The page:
Legacy Planning For a Terminal Illness

Legacy Planning and talking to your loved ones about the potential of losing you is never easy, especially if you’re struggling with your health or have been recently diagnosed with a terminal illness. But from a practical standpoint, it’s important as an integral part of risk management. Risk carries the possibility of loss that can affect personal property, financial legacy, and your dependents. You can think of risk management as the process of identifying your risks, analyzing how you want to accept or mitigate them, and implementing a strategy to do so.
The goal of personal risk management is to protect all the resources you create: your goals, dreams, wealth, and well being. While you may not be able to eliminate all of them, you can at least cover the risks that are most affordable to reduce your overall financial stress.
The goal is not to eliminate all risk, but instead to avoid or minimize the potential downsides to yourself and your family. With clarity and planning, you can manage your risks and better prepare for unexpected life events, safeguard your financial status, and protect your loved ones.
Here are some examples:
  • Life Insurance
  • Disability Insurance
  • Personal Property & Liability Insurance
  • While this isn’t insurance, another way to protect what you have is doing Legacy Planning (often called estate planning, where you work with an attorney to create legal documents to direct your assets after your death)
Here are some things to keep in mind when you are legacy planning:
Find an estate attorney: One of the first steps to take to protect your estate is to understand the legalities associated with it. If you have a particularly complicated estate, a lawyer can be very helpful in helping you understand it and plan for your future. Your Willow Financial Coach can also be a good place to start your journey of finding the right attorney.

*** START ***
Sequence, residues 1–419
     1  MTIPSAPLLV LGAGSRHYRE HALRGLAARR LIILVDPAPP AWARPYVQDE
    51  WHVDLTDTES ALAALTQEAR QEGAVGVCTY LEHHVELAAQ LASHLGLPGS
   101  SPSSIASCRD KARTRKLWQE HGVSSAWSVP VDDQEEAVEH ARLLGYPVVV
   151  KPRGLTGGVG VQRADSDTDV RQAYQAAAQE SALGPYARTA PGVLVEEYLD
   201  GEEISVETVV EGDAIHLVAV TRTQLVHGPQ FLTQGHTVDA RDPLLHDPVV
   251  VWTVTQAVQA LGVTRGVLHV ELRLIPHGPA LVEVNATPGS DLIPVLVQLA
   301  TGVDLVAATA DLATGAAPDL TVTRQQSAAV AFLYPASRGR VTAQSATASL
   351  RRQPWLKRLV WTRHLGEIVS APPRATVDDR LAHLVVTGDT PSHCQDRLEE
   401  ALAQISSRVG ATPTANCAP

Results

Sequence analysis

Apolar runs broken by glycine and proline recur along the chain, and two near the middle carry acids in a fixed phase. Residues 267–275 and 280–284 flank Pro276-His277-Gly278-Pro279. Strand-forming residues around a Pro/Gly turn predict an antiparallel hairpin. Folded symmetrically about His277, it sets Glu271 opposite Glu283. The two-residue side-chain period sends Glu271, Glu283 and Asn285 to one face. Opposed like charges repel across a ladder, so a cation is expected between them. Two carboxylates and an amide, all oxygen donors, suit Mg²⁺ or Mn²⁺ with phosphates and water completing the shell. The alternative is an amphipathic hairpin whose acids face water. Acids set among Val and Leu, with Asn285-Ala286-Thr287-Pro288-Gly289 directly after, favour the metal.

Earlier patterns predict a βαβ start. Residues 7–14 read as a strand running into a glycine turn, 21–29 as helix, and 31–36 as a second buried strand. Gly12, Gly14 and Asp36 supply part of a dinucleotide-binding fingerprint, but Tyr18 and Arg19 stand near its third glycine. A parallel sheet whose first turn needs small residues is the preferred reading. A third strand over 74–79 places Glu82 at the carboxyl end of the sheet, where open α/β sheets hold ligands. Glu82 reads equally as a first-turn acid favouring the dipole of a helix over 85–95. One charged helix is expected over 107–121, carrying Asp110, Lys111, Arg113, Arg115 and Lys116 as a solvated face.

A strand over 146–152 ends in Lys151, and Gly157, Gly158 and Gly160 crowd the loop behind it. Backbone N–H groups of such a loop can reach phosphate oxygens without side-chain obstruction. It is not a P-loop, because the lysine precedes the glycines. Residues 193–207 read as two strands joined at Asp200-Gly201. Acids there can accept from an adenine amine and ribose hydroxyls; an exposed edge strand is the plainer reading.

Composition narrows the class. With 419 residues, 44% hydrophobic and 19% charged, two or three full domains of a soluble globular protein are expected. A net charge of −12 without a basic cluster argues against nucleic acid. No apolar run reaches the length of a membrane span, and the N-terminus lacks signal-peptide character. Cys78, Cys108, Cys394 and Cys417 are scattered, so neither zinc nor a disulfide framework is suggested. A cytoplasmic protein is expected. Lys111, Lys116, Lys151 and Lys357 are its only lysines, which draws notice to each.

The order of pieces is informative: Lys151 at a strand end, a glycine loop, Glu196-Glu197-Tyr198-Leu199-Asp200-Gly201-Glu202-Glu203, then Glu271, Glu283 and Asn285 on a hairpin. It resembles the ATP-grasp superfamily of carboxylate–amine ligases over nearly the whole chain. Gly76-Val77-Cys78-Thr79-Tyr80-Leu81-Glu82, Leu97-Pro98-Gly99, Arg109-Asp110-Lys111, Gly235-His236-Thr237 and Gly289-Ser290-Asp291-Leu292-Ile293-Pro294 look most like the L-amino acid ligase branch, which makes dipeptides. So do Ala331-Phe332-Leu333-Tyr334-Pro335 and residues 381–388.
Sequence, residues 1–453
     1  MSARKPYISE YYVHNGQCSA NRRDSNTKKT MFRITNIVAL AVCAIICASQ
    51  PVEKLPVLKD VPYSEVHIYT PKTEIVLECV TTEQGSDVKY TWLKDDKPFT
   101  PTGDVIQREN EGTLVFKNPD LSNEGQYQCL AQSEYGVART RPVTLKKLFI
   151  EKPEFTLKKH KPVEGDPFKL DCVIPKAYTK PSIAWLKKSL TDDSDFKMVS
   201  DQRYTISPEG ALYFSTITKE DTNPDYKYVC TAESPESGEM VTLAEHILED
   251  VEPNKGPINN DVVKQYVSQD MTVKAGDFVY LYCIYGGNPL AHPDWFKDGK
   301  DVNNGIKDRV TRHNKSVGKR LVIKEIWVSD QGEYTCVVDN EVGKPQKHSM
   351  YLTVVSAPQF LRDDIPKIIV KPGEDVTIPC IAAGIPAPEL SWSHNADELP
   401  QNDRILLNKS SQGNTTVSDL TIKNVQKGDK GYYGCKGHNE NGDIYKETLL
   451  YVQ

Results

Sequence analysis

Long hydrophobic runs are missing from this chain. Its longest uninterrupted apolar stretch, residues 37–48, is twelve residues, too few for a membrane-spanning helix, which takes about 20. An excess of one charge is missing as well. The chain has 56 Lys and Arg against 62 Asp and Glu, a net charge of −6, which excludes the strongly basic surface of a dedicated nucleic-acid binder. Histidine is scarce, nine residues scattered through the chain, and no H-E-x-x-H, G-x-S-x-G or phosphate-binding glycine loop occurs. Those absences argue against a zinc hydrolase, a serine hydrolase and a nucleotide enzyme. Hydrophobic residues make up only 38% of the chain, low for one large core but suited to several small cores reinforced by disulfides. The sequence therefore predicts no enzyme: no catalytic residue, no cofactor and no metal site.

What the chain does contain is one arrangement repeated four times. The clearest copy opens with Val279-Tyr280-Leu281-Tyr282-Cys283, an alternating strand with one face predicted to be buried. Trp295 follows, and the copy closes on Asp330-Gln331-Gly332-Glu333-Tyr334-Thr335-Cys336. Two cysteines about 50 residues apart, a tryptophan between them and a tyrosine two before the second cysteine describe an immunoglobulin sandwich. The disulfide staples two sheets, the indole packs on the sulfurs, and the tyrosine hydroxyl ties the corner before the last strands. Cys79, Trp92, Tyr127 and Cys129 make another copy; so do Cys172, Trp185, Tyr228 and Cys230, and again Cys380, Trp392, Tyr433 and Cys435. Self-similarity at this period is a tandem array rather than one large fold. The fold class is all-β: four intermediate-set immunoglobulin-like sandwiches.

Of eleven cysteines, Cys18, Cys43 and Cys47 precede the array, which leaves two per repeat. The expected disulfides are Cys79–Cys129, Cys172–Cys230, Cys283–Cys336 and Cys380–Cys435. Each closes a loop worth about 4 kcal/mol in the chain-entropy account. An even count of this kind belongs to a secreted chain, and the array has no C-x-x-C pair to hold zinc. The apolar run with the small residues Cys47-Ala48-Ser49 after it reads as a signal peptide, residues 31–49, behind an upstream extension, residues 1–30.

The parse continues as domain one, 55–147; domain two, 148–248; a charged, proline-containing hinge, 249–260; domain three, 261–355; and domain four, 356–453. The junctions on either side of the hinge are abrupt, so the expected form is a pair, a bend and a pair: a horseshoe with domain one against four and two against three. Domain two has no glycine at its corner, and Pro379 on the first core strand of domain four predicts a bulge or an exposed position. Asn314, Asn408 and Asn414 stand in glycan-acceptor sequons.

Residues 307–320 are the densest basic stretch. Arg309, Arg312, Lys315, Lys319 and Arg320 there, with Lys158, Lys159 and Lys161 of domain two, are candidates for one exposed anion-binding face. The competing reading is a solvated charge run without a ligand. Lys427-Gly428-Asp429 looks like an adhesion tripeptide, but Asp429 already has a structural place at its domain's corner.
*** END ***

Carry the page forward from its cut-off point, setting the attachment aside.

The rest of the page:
Make a list of all your assets: your attorney will probably also ask you to do this as a first step so it would be beneficial to have this list ready to take to them. Make a list of all your assets, money, investments, properties and even inheritance in order to plan for your future.
  • Keep all your legacy and estate documents in a safe place: This is a very important but often overlooked step. If someone had to step in and access your documents without your help, would they be able to do it?
  • Assign beneficiaries to your life insurance policy, bank accounts, annuities, investments, and retirement funds: This is another step that can wreck your best laid plans.
  • Talk to your doctor about your options and your family about your wishes: If you are facing serious medical issues, be sure to consider your preferences in cases where you might not be able to articulate them. For example, make your opinion about a DNR (Do Not Resuscitate) order clear to instruct health care providers of your wishes under certain scenarios. These can be very difficult choices for you and your loved ones, so it’s important to communicate these preferences ahead of time whenever possible to prevent the heightened emotion of this situation from interfering with your wishes. As you talk to your loved ones about it, recognize that however difficult the discussion may be, people who tackle financial discussions head on are less likely to feel isolated and are better able to prioritize other aspects of their health, wellbeing and future. Having open conversations with your partner, parents, siblings, and children help you and your loved ones become more financially healthy. And the time to have this conversation is now, when a crisis hits it’s too late. The best time to talk about it is before the diagnosis, when everyone is healthy.
Team Willow is here to help in this process. Legacy planning is one of the most important elements of future planning, not just for you but for your loved ones as well!